The Institute's research is focused around three key areas:
- Networked Living – enhancing the quality and sustainability of human life and enriching culture and personal experiences.
- Networked Economy – improving labour productivity and capital efficiency to support networked industries and government.
- Networked Infrastructure – driving sustainable investment through connected cities, towns and regions.
Platforms are enabling greater dynamic interactions between people, infrastructure and systems. The Networked Living research area focuses on enhancing the quality and sustainability of human life and enriching culture and personal experiences.
Improving healthcare through participatory, personalised and preventative medicine
Miniaturisation and the development of the social web, ubiquitous sensing and cloud technologies will bring a more participatory approach to healthcare providing smarter models of health and improved biomedical research frameworks. Research into connected health care systems will enable citizens and health providers to access new personalised services offered by e-health and mobile-health.
Enriching personal experiences with digital culture to improve community cohesion
Innovative technologies and platforms can enhance community cohesion and the quality of personal experiences. Research into digital culture will create stronger communities through new interactions and communications enabled by a digitally connected society.
Supporting independent living
Communication and collaboration technologies, integrating telecare, social media and connected homes will play a pivotal role in enabling active and independent living. Research into assistive technologies will empower independent living for people with disabilities and older Australians.
Enhancing educational outcomes
Digital connectivity and new models of interaction have the potential to enhance education outcomes across Australia. Research into innovative approaches to education will enable the development of new practices and increase access to educational opportunities.
Following rapid, disruptive changes in the economy brought about by the networked society, the Institute will bring together a number of disciplines to research how this can support the development of Australia's economic future. The Networked Economy research area seeks to improve labour productivity and capital efficiency to support networked industries and government.
Understanding and shaping work in a connected context
Connected technologies and platforms are changing the interactions between people and work. Research into understanding work in a connected context will examine new ways of working and different forms of organising employment.
Improving business use of tools and technology to drive productivity growth
Business has been faced with a profound disruption arising from the emergence of new business models. Research will examine how best to equip businesses with the tools and technologies to drive productivity growth and support the professional development and learning of the workforce of the future.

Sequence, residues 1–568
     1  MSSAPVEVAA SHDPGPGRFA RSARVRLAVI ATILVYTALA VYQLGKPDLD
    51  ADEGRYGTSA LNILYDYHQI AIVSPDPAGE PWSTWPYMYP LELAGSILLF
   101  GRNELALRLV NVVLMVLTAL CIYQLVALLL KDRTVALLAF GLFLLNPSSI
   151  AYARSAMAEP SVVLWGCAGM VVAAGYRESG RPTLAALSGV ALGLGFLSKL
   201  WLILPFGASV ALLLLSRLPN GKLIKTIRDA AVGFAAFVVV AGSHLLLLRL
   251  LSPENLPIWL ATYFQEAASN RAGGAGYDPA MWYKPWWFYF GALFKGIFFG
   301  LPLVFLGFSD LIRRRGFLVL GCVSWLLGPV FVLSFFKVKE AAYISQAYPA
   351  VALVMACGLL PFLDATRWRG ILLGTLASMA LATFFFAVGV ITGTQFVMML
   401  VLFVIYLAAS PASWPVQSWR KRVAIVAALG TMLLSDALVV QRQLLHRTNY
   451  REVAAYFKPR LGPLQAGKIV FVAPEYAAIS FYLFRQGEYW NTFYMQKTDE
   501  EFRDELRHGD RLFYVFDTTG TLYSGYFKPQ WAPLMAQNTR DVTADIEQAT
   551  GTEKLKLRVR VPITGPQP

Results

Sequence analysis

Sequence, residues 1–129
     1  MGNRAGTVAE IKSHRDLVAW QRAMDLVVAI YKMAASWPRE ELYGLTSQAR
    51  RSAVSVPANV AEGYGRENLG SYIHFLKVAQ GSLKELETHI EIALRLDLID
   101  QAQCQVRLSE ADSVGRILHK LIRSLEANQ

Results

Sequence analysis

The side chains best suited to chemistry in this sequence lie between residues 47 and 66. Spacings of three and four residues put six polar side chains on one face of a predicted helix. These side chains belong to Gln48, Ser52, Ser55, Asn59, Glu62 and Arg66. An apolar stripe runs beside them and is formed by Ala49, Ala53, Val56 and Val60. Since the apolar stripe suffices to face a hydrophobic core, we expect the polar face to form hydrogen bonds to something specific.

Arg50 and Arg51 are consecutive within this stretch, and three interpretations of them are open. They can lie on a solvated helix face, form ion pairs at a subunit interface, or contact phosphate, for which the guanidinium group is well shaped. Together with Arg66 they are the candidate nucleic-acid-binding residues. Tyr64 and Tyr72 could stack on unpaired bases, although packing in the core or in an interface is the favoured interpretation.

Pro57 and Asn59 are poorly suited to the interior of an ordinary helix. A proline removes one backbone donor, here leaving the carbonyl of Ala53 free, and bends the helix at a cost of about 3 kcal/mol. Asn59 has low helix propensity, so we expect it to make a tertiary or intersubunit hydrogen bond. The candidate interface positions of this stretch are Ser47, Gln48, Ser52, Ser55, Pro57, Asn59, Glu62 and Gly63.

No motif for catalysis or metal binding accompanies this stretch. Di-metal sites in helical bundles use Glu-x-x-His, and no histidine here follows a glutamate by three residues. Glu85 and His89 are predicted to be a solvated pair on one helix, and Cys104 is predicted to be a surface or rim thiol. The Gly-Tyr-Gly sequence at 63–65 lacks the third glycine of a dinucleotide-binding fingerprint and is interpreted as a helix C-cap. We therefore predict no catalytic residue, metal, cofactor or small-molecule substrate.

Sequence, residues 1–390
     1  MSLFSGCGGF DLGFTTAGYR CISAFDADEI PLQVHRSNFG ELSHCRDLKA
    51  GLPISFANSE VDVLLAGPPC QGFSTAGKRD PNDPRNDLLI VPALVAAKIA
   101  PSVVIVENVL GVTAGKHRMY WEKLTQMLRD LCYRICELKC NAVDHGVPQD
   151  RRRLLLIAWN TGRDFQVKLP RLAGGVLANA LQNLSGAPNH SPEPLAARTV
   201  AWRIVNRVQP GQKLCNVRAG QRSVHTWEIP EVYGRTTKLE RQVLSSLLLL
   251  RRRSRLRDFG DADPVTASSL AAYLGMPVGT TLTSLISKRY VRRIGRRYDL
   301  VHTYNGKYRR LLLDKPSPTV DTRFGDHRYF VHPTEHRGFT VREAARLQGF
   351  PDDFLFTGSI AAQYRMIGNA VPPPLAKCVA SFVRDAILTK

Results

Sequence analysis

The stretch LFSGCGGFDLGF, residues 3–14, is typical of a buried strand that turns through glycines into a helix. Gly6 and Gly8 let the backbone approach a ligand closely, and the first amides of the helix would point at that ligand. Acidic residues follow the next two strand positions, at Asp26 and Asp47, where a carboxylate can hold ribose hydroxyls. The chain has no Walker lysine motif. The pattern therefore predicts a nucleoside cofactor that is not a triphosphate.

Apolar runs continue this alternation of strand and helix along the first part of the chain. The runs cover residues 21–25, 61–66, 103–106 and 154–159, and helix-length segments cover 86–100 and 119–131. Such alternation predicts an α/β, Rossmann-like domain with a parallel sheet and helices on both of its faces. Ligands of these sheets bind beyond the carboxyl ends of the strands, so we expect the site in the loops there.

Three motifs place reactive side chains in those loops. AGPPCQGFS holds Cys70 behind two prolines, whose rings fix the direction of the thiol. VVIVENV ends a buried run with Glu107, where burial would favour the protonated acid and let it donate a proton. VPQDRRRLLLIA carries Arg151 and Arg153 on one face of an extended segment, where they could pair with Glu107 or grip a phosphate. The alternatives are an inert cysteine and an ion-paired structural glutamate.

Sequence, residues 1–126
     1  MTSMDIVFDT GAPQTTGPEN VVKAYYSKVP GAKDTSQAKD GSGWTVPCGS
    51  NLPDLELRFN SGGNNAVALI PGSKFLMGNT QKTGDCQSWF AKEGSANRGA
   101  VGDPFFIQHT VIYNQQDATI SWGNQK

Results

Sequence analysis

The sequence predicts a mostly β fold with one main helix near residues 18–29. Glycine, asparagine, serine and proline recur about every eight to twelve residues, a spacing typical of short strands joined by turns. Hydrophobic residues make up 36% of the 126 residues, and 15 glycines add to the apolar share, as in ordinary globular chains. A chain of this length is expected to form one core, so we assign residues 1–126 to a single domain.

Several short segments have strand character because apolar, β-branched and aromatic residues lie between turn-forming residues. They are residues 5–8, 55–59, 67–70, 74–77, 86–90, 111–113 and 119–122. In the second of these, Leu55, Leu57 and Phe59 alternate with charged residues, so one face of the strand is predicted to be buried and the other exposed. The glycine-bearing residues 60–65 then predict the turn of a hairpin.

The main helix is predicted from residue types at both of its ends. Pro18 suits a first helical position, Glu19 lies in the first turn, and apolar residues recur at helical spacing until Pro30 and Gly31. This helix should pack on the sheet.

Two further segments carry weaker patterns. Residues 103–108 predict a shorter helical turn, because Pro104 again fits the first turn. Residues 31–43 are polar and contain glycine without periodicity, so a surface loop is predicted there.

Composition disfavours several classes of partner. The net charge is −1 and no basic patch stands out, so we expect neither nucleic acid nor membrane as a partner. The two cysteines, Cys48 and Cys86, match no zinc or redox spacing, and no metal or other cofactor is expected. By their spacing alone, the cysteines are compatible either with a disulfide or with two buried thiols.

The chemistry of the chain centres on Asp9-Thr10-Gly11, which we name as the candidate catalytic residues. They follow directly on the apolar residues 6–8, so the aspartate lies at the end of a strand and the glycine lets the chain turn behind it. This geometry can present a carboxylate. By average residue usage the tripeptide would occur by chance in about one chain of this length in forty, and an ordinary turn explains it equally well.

Supporting networked industries and innovation
Industries need to operate in an increasingly global networked environment. The research will explore the technology, policies and processes to enable collaborative innovation. The Institute seeks to be a leader in enabling innovation by coupling research and C-Lab's capabilities to build a national digital innovation ecosystem that supports learning, development and knowledge transfer.
Enhancing government services through participatory citizenship
Increased access to connectivity will transform how citizens access, participate and contribute to the design and delivery of government services. Research into enhanced government services will explore how best to deliver outcomes to citizens in a networked society. This includes aspects of governance, regulation, community cohesion and participatory citizenship.
Networked infrastructure is driving improved connectivity between people, places and devices enabling new service delivery models. The Networked Infrastructure research area is driving sustainable investment through connected cities, towns and regions.
Developing a connected cities blueprint and implementation for Australian cities and towns
With the pervasive nature of connectivity, research should focus on the sustainability challenges and opportunities arising from networked infrastructure through the development of solutions that promote climate-smart living through the more efficient use of transport, energy and logistics networks in cities and regions. This research will lead to the development of a connected cities framework to be implemented in selected cities.
Establishing the balance between service and security for networked infrastructure
Networked infrastructure requires access to aggregated knowledge obtained from personal information to deliver innovative services. Research in this area will focus on how best to balance privacy and data security against functional and community benefits across technical, legal, government, and policy domains.
Creating innovative service delivery models that exploit networked infrastructure
The explosion in growth of connected devices has led to an increase in the amount of information generated disrupting service delivery models. Research in this area will focus on how best to deliver services in such environments that include software defined networking, cloud computing, and sensing devices.
Bridging the gap between urban and rural planning in response to population demands
Population growth in expanding cities and towns produces significant challenges in meeting the expectations of citizens and puts pressure on infrastructure and investment. Research will explore how connectivity can be used to bridge the gap between planning in rural and urban contexts to respond to a growing population.